Texas A&M coach Kevin Sumlin said today that he would “list him as hopeful” for Saturday’s contest.  Also, a source has told’s Bruce Feldman that Manziel’s arm is no longer in a sling and that he is “fine to play” against the Commodores.

Last weekend, Manziel completed 28-of-38 passes for 454 yards, four touchdowns and two interceptions.  He leads the SEC in passing with a 73.3 completion percentage, 22-hundred yards, 18 touchdowns (against seven INTs), and a passer rating of 182.79.  He’s rushed for 486 yards and six touchdowns as well.

Perhaps most impressively — and certainly most welcomely — Manziel has followed our summer advice and taken a hermit’s approach to the season.  No tweets since August 1st.  No national stories about late-night partying and carousing.  The only Manziel that America has experienced since the season started is the Manziel who makes football look so damn easy.  That’s a very good thing.  A very good thing that will likely help the young man when NFL GMs start to fill out their draft boards.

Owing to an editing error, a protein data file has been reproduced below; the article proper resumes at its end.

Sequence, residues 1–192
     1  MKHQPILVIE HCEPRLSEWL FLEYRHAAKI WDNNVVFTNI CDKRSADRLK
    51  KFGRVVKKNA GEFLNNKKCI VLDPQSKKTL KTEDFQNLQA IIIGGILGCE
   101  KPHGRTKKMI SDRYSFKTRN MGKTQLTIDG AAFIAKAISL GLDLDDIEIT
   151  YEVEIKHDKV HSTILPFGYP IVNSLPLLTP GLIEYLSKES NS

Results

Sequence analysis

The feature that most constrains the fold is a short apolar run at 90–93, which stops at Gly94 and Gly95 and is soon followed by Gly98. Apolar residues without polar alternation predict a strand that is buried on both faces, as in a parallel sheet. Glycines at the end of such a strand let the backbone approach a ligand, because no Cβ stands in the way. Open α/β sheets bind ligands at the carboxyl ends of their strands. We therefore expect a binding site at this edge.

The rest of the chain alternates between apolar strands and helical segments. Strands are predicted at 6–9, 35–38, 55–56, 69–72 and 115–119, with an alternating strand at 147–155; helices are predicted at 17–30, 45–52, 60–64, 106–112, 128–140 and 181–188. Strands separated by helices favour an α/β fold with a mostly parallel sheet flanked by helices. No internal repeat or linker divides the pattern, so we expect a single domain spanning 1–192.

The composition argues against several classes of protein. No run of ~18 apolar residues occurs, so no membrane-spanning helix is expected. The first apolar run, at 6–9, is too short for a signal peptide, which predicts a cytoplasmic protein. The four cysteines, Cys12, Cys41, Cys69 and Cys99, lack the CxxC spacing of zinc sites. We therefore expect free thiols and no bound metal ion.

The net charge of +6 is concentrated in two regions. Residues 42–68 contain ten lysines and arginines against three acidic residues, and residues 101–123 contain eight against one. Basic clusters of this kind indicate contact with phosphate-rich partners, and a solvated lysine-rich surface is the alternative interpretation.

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How Does Texas A&M’s Sumlin Lead? Let Him Tell You

kevin-sumlin-stares-at-cameraAt this week, freelance writer Jason Belzer has posted an inside look at Texas A&M’s football program under second-year coach Kevin Sumlin.  The piece focuses on Sumlin’s ability to manage talented assistant coaches and players.  It’s an interesting read, but a couple of quotes from the Aggie coach stood out.

First, discussing his a Monday morning postmortem film session that he calls “The Truth,” Sumlin explains how — well, for lack of a better word — shaming players has its benefits: